Two of the past three years have seen spot electricity prices climbing to their highest annual levels in the month of September. After removing the yearly high filter, prices in the months of September and October this year were generally above the annual averages in the previous five years. Beginning the monsoon season, thermal plants see maintenance shutdowns. As the monsoon rains gather pace, hydro and wind power generation is expected to pick up pace, offsetting the thermal power plants’ maintenance shutdowns.
However, as weather patterns change, this arrangement is increasingly being undermined. For instance, August-October last year saw lower wind power generation. Nor was hydropower generation up to the mark. Add to this concerns about sufficient availability of domestic coal, and electricity prices rose in September 2017.
The rise has been sharper this year. Prices have doubled in just two weeks. The paucity of rains and general rise in temperatures, and festive demand are said to have driven up the prices in the spot electricity market on the Indian Energy Exchange.
But the price rise this time was also preceded by a supply side shock. The latest capacity availability report (as of 5 September) from the Central Electricity Authority (CEA) shows a sharp rise in capacity under maintenance, which went up from 23,195 megawatts (MW) last year to 89,826MW this year.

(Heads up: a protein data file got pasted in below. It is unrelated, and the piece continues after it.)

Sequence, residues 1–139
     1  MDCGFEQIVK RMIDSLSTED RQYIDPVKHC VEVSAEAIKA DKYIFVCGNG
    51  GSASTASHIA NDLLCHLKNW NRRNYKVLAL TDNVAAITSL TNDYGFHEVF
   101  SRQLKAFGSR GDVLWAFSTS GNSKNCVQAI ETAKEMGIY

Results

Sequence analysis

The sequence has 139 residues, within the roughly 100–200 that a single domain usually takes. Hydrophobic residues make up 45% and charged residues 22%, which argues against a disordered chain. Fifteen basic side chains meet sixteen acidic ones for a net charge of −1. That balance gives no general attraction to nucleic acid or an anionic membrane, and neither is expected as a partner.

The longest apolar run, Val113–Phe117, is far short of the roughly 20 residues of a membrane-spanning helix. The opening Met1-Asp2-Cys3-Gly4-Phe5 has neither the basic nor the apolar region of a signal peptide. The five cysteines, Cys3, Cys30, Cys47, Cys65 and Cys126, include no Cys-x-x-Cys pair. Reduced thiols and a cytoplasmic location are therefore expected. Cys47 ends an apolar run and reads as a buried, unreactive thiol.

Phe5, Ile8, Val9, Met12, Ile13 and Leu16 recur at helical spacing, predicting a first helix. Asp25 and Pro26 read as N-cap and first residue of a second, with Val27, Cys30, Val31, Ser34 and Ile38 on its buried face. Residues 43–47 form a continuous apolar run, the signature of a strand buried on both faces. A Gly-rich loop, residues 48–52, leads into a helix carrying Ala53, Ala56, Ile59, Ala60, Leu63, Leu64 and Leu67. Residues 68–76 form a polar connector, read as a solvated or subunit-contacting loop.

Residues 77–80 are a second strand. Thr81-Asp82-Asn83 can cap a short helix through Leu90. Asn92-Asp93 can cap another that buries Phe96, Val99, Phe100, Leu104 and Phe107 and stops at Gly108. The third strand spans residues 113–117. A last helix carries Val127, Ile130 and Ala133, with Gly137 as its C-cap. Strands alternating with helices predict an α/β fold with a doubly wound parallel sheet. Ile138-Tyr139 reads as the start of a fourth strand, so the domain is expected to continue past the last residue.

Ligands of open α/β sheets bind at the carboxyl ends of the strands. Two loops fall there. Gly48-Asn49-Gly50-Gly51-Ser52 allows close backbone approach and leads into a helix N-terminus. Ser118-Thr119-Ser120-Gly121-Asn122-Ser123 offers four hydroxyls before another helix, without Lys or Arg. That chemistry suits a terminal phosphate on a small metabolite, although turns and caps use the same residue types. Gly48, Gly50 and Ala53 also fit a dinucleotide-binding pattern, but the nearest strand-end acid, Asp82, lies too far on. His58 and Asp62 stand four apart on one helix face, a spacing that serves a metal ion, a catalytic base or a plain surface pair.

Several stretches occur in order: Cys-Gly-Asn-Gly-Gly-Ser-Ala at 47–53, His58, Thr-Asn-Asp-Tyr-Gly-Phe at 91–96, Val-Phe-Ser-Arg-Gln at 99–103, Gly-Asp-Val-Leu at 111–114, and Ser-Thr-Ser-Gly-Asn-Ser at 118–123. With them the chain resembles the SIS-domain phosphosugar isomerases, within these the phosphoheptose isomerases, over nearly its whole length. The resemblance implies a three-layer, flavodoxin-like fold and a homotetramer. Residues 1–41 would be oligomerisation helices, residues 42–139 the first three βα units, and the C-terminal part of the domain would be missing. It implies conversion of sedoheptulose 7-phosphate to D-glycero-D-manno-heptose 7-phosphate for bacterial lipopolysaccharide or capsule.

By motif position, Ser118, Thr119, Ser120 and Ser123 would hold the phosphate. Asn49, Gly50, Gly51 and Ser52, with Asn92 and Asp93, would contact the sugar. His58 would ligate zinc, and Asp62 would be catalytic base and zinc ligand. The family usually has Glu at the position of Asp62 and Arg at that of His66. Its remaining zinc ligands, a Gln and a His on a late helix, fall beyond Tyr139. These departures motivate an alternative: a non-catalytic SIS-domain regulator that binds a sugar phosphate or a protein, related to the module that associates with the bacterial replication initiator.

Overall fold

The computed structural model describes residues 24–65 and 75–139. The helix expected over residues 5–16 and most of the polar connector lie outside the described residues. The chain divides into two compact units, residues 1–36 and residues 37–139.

As a consequence, the available capacity dropped to 184,159MW by the first week of this month from 247,583MW last year. That is barely 7.7% higher than the 170,976MW peak demand the country clocked last month. In short, seen together, the data shows tightness in the demand-supply situation.
What explains this? One has to wait for more data giving details of the plants that have seen shutdowns. Even so, CEA’s recent numbers show a sharp rise in forced plant shutdowns (other than the ones that are planned). As of the first week of September, 63,646MW were under forced shutdowns, compared to 19,546MW a year ago.
According to analysts, the sharp depreciation in the rupee and the rise in international coal prices have forced plants running on imported coal to crimp generation or declare outage to contain cost under-recoveries or working capital pressures. Most of these imported coal-based plants are situated in the coastal regions of the western and southern parts of the country, impacting supply in the region. This forced the respective power distribution companies to step up purchases from the spot electricity markets, driving up prices.
Companies with access to cheaper domestic coal, spare generation capacity and access to market (transmission access in western and southern regions) will benefit from the situation. However, few are as lucky. For example, JSW Energy Ltd has untied generation capacity. But the company’s plants are dependent on expensive imported coal, which can crimp gains.
More importantly, the frequent spike in spot electricity prices indicates the vulnerability of the country’s power sector.